Not sure of the difference between kilowatts and megawatts? Figuring out how much electricity we use and what which items are the most power-hungry is no easy task. Let alone understand where electricity comes from and how it moves around Great Britain.

If you want to know what electricity is, how it’s generated and how we, at National Grid ESO, manage the tricky business of balancing supply and demand, you’ve come to the right place.

Great Britain’s electricity system is one of the oldest, most complex – and most fascinating – in the world. Every year the ESO moves 300 Terawatt Hours (TWh) of electricity - equivalent to four trillion kettles boiling at once – around our system, all while enabling the transformation to a sustainable energy system.

We’re experts in all things electricity and some of the world’s top engineers are working for us to innovate and shape our zero carbon system of the future. And we want to share all that knowledge with you.

Electricity Explained brings the hot topics to life so if you’re confused about coal, bemused about balancing, or simply want to know more about your own electricity consumption, you’re in the right place.

We’ll help make sense of it all for you here – on Electricity Explained.


What is electricity?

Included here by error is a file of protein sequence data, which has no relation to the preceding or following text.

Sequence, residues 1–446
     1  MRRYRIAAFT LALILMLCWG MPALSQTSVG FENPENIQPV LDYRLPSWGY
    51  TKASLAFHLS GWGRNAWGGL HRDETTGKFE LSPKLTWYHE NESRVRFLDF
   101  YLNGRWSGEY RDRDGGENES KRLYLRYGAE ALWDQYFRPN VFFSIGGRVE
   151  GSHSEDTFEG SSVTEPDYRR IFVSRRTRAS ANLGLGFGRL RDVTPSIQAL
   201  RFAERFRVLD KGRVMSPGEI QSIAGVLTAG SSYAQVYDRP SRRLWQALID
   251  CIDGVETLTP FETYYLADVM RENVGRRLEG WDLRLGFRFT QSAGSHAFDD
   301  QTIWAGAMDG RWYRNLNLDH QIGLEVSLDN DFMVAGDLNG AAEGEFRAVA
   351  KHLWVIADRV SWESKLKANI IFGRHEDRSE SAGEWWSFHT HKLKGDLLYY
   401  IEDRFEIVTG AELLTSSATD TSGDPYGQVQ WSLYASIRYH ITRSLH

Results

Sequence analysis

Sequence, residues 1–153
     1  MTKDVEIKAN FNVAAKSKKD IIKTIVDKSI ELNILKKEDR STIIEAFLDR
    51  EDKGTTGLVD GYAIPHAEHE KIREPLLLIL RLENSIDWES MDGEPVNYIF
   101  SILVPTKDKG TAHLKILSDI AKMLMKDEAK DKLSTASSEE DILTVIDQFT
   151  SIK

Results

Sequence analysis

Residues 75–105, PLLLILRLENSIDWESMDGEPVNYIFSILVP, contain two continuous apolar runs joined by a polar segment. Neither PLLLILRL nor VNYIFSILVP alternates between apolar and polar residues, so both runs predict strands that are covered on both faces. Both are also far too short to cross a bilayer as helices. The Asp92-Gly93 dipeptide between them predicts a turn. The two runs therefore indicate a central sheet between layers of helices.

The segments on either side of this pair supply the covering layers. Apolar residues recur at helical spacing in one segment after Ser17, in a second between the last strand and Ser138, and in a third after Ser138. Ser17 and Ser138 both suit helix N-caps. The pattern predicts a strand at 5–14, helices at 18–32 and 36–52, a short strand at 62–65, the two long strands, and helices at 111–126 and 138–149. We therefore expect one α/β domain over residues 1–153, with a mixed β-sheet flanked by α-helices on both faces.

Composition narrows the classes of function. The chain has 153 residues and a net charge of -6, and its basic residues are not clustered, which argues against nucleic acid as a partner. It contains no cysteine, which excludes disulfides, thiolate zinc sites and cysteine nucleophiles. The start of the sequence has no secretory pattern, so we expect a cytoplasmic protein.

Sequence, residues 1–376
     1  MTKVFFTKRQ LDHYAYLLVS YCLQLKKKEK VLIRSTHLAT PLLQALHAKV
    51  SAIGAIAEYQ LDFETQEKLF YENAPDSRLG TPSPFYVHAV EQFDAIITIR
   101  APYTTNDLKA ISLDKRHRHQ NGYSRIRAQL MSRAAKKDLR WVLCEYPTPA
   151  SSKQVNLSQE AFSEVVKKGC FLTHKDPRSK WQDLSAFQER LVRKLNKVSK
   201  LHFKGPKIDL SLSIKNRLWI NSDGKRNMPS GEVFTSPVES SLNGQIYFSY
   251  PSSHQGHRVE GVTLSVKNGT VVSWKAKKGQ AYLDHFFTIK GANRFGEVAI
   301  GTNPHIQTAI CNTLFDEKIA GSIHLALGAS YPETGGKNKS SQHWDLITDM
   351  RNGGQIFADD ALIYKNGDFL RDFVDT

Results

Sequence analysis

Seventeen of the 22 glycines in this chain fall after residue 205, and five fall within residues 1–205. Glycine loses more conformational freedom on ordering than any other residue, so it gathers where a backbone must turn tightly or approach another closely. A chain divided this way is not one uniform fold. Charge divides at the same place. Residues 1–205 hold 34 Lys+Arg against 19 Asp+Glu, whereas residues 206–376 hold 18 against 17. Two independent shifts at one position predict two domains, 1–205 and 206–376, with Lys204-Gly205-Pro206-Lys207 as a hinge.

At the ESO, we love all things electricity. But have you ever stopped to ask yourself what electricity actually is? 

Put simply, electricity is a form of energy that can be produced in different ways to provide power for things to work.  

At the ESO, we operate the flow of electricity all over Great Britain. We make sure that the right amount of electricity gets to the right places so that people can use electricity when they need it.  

We don’t generate electricity ourselves. We get electricity from producers like wind farms, solar farms and coal plants. Electricity is then transported through the transmission network, balancing supply and demand second by second, 24/7. 

Think of it like a network of roads and motorways. High voltage electricity runs up and down the UK on the transmission networks (the motorways) while Distribution Network Operators (DNOs) provide the local cables (A roads) to take the electricity to our homes and businesses.